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Keynote address as Sangita Kalanidhi designate 2019

A pursuit and celebration of authenticity

Address by Sangita Kalanidhi designate Vidushi Dr. S. Sowmya at the inauguration of the 93rd conference of the Music Academy Madras on December 15th 2019

My namaskarams to the guest of honour, to respected Sangita Kalanidhis Sri Umayalpuram Sivaraman & Smt Sudha Ragunathan, to the President & members of the Executive & Experts committees of the Music Academy, my fellow artistes and to all of you rasikas gathered here today!

I stand here with the blessings of my beloved gurus Sangita Kalanidhi Dr S Ramanathan, Sangita Kala Acharya Muktamma and my parents Dr Srinivasan & Smt Mangalambal. I feel deeply honoured and privileged to be chosen to preside over the annual conference of this august body, arguably the highest honour that a vidyarthi of Karnataka Sangeetham can aspire for. I am equally honoured to receive an award today in the name of the universally beloved Sangita Kalanidhi MS Amma, she who symbolizes all of our traditions and cherished values. I owe these not only to the blessed atmas I invoked at the outset, but also to the affection and regard that the kind of art I practice & perform has earned from the seniors who I have admired & respected all my life; my peerless peers, each of whom has impacted me with his/her uniqueness; all my co- artistes on stage whom I consider my valued treasures; my younger, zestful colleagues; my loving students and most of all from you, the rasikas. A recognition of this kind is well-nigh impossible without the overall stamp of approval by the greater fraternity of Carnatic music, of which the Music Academy is the true and time-honoured representative.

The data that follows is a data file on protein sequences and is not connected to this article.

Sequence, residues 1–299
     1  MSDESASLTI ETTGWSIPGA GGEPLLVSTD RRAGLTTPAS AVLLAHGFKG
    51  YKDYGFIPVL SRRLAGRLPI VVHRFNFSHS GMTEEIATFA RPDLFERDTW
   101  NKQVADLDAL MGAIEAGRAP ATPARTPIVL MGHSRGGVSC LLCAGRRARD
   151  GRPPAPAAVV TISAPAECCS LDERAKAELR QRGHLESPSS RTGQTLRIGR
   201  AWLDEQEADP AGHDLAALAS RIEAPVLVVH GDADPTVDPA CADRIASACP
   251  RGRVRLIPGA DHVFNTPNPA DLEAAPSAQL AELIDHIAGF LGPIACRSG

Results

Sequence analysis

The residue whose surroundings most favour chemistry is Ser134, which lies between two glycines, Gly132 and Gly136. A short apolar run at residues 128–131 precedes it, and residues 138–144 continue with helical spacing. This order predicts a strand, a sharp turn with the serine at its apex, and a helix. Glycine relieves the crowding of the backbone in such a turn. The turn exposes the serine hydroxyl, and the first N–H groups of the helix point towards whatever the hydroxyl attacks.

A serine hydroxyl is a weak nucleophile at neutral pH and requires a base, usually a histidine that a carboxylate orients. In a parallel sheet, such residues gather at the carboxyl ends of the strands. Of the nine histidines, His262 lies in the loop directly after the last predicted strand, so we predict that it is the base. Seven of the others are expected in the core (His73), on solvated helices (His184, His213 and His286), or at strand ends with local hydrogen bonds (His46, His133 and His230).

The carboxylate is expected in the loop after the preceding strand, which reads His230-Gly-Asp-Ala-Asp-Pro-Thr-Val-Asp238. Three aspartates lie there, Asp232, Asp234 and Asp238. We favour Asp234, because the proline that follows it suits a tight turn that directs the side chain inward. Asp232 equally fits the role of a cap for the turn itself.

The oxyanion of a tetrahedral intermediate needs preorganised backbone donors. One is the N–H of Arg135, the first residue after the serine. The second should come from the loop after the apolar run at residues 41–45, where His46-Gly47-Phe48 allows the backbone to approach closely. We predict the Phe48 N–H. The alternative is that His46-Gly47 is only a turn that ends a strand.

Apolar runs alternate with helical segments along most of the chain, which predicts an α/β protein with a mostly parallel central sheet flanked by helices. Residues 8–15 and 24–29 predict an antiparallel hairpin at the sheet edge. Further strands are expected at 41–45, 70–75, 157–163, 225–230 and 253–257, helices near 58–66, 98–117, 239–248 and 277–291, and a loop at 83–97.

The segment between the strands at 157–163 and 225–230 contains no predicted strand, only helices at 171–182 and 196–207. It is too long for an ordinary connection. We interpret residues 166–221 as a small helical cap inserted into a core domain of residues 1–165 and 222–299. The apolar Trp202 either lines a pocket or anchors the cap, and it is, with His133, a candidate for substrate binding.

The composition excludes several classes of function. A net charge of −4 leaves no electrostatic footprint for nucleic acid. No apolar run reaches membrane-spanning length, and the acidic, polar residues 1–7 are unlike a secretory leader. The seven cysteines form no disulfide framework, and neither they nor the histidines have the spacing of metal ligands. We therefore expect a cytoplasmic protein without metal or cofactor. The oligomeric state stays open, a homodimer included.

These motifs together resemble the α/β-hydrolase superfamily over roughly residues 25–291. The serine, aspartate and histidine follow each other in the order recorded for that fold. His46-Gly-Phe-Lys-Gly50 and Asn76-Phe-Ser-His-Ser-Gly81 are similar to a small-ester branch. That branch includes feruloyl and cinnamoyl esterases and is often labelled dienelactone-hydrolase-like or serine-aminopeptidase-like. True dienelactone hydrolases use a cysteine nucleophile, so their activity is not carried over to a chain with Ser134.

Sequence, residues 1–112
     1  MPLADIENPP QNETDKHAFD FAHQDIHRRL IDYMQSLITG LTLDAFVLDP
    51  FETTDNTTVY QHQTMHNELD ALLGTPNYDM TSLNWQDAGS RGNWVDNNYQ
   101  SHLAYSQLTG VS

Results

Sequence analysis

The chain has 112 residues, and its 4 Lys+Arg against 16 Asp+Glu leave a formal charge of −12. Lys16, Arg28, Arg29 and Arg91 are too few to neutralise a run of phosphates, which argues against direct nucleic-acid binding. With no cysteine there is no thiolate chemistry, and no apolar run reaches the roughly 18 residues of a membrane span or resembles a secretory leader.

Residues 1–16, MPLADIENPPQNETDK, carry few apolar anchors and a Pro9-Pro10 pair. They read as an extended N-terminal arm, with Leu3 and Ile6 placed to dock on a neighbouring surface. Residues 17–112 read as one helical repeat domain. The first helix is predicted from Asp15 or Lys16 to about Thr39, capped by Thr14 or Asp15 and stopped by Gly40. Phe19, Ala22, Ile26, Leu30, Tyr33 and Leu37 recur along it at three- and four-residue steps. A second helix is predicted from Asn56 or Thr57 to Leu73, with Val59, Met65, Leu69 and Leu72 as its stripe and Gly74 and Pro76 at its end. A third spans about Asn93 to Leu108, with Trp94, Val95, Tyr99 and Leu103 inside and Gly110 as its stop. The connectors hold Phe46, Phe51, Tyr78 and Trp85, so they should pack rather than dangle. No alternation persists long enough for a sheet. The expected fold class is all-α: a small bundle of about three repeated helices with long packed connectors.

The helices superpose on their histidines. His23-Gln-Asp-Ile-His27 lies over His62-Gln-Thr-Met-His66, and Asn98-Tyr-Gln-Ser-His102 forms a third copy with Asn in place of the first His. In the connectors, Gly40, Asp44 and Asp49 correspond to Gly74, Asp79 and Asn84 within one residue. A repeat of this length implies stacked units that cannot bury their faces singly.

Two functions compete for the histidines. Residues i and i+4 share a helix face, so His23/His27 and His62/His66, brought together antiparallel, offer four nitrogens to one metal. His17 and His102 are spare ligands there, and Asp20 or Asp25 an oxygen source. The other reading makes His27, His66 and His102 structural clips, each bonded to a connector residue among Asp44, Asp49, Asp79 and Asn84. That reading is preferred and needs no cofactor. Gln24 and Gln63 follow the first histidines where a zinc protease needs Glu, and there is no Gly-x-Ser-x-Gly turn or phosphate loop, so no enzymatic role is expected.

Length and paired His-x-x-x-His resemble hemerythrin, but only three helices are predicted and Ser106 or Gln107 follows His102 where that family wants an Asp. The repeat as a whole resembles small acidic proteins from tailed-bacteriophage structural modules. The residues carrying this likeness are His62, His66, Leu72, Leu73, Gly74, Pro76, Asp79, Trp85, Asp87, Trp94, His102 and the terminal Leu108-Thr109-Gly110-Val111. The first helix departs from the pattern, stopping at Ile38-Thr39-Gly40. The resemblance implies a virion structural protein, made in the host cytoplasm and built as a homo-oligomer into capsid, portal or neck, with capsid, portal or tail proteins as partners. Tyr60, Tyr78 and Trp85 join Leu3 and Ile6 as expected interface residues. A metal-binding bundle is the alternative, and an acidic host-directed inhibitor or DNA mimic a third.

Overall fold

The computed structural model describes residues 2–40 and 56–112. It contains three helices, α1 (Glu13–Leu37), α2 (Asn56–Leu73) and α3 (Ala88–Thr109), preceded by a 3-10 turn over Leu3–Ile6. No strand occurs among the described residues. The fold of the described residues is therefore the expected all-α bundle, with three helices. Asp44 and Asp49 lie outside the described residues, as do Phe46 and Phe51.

That said, this is also a moment for reflection on the experiences and processes in my musical journey that have brought me to this podium today. Growing up as a student of music, the annual December music season, specifically the Academy conference with its immaculate concert line-ups and even more intriguing/intricate academic sessions were defining moments. Many of my peers and I used to look forward eagerly, not only to listen to kutcheris by revered legends and popular stars of the day, but also to immerse ourselves in the singularly unique and intensive learning atmosphere that the lectures and academic sessions engendered. And I was fortunate to have a guru and a father, both of whom emphasized and prioritized an approach to art as a learner/seeker in addition to being a performer. That approach, with an analytical bend, a devotion to the art rather than the self, has defined my music over the years. I was taught to feel and take responsibility for carrying on a hoary tradition, preserving its pristine beauty and passing it on in as authentic a manner as possible to succeeding generations.

Not only my gurus, every single senior vidwan/vidushi whom I revered and had the fortune to interact with, would invariably tell me the same thing. Most memorable was the advice from one of the greatest legends, Sangita Kalanidhi Sri Palakkad Mani Iyer. My father took me to his house when I was a little child. He heard me sing for a few minutes, was silent for a bit and then came this one-liner in his famously terse manner: “don’t get carried away by applause”. I was perhaps too young to appreciate the import of that comment then. But he was essentially telling me to be faithful to the art, the learning process, the traditions… And to not allow it to be diluted by fear of what an audience would think / expect.